No matter how I romanticize single or partnered life, whatever happens for me is going to have to be will i be single forever — because this is the only life I’ve got. I’ve been single ever since.
In that amount of time, four of my cousins have gotten engaged, two of them have gotten married, and one of them has had a baby. I, on the other hand, moved into my own apartment, got my dream job, and carried on a six-month affair with a guy whom I’d never call my boyfriend, but who would order Ubers to my place on the Upper East Side of Manhattan at 11 p. I’d make the late-night trek to his apartment in Bed-Stuy, Brooklyn. But he wasn’t the only guy I’ve dated during this time.
I’ve been on multiple apps and websites, and I go on plenty of dates. But I have yet to find what most people classify as love. This is a fact that has always been terrifying for me. I grew up in a house with two parents who are still crazy about each other.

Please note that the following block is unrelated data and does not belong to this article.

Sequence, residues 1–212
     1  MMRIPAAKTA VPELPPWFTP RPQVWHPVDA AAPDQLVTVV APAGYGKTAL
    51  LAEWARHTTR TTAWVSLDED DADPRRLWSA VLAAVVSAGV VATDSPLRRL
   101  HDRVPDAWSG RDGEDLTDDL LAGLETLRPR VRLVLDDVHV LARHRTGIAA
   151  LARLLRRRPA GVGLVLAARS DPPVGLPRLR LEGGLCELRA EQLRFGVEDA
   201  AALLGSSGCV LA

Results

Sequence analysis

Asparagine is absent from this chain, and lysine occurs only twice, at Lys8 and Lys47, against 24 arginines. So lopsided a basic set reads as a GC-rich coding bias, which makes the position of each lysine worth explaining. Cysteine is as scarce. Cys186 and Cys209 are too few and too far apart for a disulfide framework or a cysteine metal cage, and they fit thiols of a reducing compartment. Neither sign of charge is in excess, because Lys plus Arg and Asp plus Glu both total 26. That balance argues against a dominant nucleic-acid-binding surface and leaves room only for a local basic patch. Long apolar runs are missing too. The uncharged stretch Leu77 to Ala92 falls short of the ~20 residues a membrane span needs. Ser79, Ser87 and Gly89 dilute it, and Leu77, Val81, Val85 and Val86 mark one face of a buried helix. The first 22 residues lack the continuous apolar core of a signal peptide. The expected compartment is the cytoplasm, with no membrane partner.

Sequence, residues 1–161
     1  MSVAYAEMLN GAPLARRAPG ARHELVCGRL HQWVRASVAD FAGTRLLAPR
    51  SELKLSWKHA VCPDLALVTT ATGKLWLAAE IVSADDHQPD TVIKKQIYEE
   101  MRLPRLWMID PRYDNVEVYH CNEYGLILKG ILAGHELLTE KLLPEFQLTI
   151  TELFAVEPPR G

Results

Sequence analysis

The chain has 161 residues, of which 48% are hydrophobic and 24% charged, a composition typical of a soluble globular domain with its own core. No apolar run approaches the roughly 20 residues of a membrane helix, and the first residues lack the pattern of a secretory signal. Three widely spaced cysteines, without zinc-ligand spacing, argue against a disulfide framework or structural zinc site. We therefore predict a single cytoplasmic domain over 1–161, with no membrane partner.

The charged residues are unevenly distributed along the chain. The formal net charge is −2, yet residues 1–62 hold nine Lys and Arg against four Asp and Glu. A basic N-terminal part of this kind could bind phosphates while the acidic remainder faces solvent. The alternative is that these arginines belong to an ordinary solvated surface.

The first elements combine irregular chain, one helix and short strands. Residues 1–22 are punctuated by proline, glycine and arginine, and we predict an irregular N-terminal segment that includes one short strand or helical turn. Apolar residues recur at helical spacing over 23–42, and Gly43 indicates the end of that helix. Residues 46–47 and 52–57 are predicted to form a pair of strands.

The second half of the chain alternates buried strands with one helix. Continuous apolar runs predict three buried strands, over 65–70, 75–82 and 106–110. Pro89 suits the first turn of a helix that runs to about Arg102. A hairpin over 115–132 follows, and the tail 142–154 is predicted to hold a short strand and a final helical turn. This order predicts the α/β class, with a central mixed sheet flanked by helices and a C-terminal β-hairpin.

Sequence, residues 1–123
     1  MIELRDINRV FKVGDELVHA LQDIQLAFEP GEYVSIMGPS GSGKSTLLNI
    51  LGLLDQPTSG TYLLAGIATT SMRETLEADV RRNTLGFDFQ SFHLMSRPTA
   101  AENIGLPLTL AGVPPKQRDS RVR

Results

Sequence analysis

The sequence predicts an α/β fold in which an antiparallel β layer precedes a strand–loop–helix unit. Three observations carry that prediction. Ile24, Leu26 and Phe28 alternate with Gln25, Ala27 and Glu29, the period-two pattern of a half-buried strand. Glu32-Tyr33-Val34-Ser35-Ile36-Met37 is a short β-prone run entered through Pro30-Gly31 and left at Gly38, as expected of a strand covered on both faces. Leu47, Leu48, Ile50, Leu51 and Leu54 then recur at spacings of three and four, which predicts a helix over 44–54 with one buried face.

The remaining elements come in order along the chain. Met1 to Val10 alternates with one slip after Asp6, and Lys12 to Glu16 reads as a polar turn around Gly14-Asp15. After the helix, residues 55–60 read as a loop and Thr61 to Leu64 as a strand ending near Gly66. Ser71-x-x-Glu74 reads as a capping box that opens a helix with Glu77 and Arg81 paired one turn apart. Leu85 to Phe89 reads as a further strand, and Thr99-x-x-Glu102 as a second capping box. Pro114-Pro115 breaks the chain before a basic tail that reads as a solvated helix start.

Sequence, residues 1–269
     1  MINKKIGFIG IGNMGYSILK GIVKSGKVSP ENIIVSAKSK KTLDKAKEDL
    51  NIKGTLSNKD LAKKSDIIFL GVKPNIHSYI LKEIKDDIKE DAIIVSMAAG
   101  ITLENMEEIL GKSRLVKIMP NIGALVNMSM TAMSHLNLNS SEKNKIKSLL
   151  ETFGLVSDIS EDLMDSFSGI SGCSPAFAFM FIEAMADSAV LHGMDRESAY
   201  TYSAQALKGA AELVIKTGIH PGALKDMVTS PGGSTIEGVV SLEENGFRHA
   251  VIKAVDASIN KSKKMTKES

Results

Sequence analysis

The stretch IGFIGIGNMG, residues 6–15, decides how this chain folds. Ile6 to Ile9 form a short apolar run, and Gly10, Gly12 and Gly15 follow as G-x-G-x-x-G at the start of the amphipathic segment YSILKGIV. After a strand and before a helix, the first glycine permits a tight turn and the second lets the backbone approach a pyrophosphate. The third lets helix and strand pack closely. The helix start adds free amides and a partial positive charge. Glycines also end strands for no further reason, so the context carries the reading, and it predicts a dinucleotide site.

I was fed a steady diet of Disney movies and YA novels, and being a member of a very traditional Italian-American family meant there was a lot of emphasis on family — the one you were in and the one you’d eventually start on your own. All I’ve ever wanted was to fall in love. I measured my relationship progress against other women’s — a habit that I’ve, regrettably, never seemed to kick. Even now, whenever a friend or family member finds themselves in a new relationship, I wonder why it hasn’t worked out for me yet. Lately, I’ve been trying to weigh the prospect of a life without love.
If I’m being honest with myself, the idea of never finding that one person to settle down with is scary to me — like, Freddy Krueger scary. It will happen when you stop looking! Nobody really winds up alone! This is frustrating for many reasons, the least of which is that I am not someone who will ever stop thinking about it.